Magda receives the result of her job interview, whilst Sarah continues to have problems with her house.

BCSW - I'm an architect

Instructions

Do the Preparation task first. Then listen to the audio. Next go to each Task and do the activity. If you need help, you can read the Transcript at any time.

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Comments

I didn't understand the meaning of this sentence :
Olivia: I see...that’s not on, is it?
Could you explain it?

Hello daizykiran,

This is a very informal expression which means 'that's not acceptable' or 'that's not OK'. It's quite common in informal speech, but we would not use it in more formal contexts.

 

Best wishes,

Peter

The LearnEnglish Team

Hello Peter,

To be frank, after listening to this episode several times, me either, I could not catach the expression meaning of "that's not on". But now, I am crystal clear. Thank you for the help.

Best regards,
Kaofeng

Hi,I am glad to know some new words this lesson. But I can't understand "a trial basis' and 'internship'.I read all the transcript and find the dictional too,still confuse. Could you help me how to understand these words and how to use it? Thank you.
:)

Hi Wendy1988,

If something is done on a trial basis then it is done for a short time to see if it is a good idea or not. For example, a company might hire someone 'on a trial basis', meaning that they will make a decision later as to whether to make the job permanent or not.

An internship is a position in a company for someone who is still finishing their training or education. It may or may not be paid and is a way of gaining practical experience while still learning.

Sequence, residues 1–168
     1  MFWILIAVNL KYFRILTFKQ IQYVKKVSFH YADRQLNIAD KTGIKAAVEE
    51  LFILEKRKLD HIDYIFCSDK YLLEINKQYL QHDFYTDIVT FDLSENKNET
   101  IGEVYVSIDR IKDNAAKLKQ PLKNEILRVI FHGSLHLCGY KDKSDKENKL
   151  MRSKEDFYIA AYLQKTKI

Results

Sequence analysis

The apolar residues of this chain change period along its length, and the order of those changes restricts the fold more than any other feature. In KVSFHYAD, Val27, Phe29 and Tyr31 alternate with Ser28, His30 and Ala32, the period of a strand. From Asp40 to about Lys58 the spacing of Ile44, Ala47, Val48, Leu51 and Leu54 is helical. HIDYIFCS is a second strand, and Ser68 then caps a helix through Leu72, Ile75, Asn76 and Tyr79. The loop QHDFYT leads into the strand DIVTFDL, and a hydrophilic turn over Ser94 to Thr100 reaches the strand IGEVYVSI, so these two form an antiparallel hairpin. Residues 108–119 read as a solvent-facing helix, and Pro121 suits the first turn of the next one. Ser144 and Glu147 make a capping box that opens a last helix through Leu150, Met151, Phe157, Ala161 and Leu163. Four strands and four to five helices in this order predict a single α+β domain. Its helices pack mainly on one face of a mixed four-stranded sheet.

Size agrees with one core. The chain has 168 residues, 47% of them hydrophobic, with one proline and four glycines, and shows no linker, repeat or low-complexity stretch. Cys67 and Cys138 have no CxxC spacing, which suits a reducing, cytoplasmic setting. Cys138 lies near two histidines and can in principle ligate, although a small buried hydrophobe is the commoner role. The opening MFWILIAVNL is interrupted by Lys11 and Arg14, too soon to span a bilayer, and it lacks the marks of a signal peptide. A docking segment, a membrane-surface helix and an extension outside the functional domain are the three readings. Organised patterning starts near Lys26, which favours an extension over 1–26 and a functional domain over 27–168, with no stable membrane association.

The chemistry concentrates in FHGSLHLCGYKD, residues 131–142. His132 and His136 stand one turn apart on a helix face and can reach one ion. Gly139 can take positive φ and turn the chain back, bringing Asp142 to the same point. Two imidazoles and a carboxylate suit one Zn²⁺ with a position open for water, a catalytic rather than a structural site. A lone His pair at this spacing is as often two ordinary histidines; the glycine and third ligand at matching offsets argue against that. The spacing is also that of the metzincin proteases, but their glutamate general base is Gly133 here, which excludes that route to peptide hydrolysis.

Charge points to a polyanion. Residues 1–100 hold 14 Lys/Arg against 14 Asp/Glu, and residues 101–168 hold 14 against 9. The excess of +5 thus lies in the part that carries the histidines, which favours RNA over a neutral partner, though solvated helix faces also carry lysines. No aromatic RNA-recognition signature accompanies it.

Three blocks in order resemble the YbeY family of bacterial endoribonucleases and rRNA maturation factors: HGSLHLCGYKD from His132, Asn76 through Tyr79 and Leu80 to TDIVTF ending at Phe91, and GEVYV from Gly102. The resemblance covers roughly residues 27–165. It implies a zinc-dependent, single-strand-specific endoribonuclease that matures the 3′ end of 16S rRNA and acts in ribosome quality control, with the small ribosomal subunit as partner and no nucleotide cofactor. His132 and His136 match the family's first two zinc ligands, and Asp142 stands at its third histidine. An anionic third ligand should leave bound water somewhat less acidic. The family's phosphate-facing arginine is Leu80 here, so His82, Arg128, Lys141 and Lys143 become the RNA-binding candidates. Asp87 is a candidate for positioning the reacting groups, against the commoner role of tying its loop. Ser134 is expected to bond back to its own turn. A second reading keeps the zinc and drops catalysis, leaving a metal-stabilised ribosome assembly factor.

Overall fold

Best wishes,

Peter

The LearnEnglish Team

Hi! I would like to thank you for your wonderful job and your patience ;-).
There is just a little error that I saw in the transcript.

When Sarah says: "She’s a good one too Harry – I’ve seen some of her drawings.",
in the audio, Harry interrupt Sarah saying: "Ooh! Really Sarah?", in the transcript this Harry's comment is not present.

Many thanks again!!!

Hi Debbybb,

Thank you for your comment, and for pointing out the issue with the audioscript. We'll edit the page to better match the audio.

 

Best wishes,

Peter

The LearnEnglish Team

I've very appreciate it.

wow! The Cambridge Dictionaries online is great. You know, any trouble I get is solved quickly and easily.
But there is a thing I don't understand: sometimes they add word "get" for example : "I'd like to get to know about it"
but I can say "I'd like to know about it" or "I know about it"
Are 3 ways different?
Thanks in advance !

Hello Nguyen Viet Dung,

'Get to know' refers to the process of going from not knowing to knowing. 'Know' describes the state of having the information.

'Would like' is used when we are talking about a goal or aim - something which is not yet true, but which we hope will be true some time.

 

Best wishes,

Peter

The LearnEnglish Team

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